Tuesday, July 21, 2015

TOP TEN TUESDAY: Books That Celebrate Diversity & Diverse Characters


Hosted by the ladies over at The Broke and the Bookish.



Out of My Mind
1. Out of My Mind by Sharon M. Draper (MG contemporary) -- Special Needs
Melody is not like most people. She cannot walk or talk, but she has a photographic memory; she can remember every detail of everything she has ever experienced. She is smarter than most of the adults who try to diagnose her and smarter than her classmates in her integrated classroom - the very same classmates who dismiss her as mentally challenged, because she cannot tell them otherwise. But Melody refuses to be defined by cerebral palsy. And she's determined to let everyone know it - somehow.

Does My Head Look Big In This?
2. Does My Head Look Big In This? by Randa Abdel-Fattah (YA contemporary) -- Religious Diversity
When sixteen-year-old Amal decides to wear the hijab full-time, her entire world changes, all because of a piece of cloth...
Sixteen-year-old Amal makes the decision to start wearing the hijab full- time and everyone has a reaction. Her parents, her teachers, her friends, people on the street. But she stands by her decision to embrace her faith and all that it is, even if it does make her a little different from everyone else.
Can she handle the taunts of "towel head," the prejudice of her classmates, and still attract the cutest boy in school? Brilliantly funny and poignant, Randa Abdel-Fattah's debut novel will strike a chord in all teenage readers, no matter what their beliefs.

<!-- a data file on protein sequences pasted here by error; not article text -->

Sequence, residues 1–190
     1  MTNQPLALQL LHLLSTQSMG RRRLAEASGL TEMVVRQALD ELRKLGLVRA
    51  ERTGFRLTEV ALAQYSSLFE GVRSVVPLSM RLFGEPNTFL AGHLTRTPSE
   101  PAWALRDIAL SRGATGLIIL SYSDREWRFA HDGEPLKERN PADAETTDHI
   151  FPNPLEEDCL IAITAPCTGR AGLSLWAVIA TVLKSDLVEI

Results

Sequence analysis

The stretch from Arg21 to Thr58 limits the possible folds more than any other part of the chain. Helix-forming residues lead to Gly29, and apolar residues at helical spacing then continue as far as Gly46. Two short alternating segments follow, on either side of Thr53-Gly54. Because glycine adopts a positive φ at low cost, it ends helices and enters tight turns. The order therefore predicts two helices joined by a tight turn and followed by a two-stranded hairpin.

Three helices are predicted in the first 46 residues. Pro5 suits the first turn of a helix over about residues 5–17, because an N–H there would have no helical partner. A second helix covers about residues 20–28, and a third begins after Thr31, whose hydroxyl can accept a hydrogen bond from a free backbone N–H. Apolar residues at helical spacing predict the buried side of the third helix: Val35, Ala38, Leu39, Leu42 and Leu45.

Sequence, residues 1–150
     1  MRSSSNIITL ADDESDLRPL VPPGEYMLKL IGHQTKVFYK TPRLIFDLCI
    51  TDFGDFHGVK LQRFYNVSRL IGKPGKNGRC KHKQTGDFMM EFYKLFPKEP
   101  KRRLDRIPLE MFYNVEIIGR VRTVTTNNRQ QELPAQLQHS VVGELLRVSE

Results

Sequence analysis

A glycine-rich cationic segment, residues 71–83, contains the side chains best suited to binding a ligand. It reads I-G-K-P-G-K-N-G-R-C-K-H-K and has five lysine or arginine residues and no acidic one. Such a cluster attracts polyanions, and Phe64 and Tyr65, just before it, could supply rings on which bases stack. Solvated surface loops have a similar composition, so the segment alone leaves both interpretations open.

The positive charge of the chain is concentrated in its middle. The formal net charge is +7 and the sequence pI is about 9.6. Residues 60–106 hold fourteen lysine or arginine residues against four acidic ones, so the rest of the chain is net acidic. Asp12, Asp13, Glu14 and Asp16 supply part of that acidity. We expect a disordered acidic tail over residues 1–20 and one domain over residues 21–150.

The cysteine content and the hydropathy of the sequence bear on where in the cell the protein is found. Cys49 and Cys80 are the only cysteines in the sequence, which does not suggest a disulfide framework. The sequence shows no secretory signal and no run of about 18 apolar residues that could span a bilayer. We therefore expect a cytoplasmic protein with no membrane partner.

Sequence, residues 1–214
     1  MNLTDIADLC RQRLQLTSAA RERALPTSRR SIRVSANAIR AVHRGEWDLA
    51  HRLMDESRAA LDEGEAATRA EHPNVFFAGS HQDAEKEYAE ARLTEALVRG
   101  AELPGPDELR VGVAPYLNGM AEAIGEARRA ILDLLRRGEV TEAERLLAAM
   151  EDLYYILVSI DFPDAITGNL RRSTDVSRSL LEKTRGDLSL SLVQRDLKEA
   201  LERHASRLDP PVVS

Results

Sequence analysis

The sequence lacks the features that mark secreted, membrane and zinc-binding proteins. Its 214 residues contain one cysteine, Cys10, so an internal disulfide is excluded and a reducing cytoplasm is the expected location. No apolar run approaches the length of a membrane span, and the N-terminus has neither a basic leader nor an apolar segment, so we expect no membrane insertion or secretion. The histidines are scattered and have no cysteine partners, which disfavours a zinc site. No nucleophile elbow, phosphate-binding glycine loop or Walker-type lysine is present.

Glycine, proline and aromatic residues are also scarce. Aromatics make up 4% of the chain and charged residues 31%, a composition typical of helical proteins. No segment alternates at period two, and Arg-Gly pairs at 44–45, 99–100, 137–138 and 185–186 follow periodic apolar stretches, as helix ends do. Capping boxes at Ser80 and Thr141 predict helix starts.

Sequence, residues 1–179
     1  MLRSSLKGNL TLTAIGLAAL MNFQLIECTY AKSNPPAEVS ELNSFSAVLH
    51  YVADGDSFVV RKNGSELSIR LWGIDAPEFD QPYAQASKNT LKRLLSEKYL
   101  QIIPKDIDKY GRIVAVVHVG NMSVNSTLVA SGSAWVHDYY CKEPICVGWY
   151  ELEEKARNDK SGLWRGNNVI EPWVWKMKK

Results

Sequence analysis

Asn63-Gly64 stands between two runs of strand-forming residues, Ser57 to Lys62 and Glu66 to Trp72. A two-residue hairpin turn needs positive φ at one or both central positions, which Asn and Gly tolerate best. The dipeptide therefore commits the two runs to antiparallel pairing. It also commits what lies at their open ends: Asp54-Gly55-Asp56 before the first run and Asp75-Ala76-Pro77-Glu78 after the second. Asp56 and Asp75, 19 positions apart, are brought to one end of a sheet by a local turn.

A Bollywood Affair
3. A Bollywood Affair by Sonali Dev (contemporary romance) -- Cultural Diversity
Mili Rathod hasn’t seen her husband in twenty years—not since she was promised to him at the age of four. Yet marriage has allowed Mili a freedom rarely given to girls in her village. Her grandmother has even allowed her to leave India and study in America for eight months, all to make her the perfect modern wife. Which is exactly what Mili longs to be—if her husband would just come and claim her.
Bollywood’s favorite director, Samir Rathod, has come to Michigan to secure a divorce for his older brother. Persuading a naïve village girl to sign the papers should be easy for someone with Samir’s tabloid-famous charm. But Mili is neither a fool nor a gold-digger. Open-hearted yet complex, she’s trying to reconcile her independence with cherished traditions. And before he can stop himself, Samir is immersed in Mili’s life—cooking her dal and rotis, escorting her to her roommate’s elaborate Indian wedding, and wondering where his loyalties and happiness lie.

The Absolutely True Diary of a Part-Time Indian
4. The Absolutely True Diary of a Part-time Indian by Sherman Alexie (YA contemporary) -- Cultural/Economic Diversity
Bestselling author Sherman Alexie tells the story of Junior, a budding cartoonist growing up on the Spokane Indian Reservation. Determined to take his future into his own hands, Junior leaves his troubled school on the rez to attend an all-white farm town high school where the only other Indian is the school mascot.
Heartbreaking, funny, and beautifully written, The Absolutely True Diary of a Part-Time Indian, which is based on the author's own experiences, coupled with poignant drawings by Ellen Forney that reflect the character's art, chronicles the contemporary adolescence of one Native American boy as he attempts to break away from the life he was destined to live.

Butterfly Swords (Tang Dynasty, #1)
5. Butterfly Swords by Jeannie Lin (historical romance) -- Cultural Diversity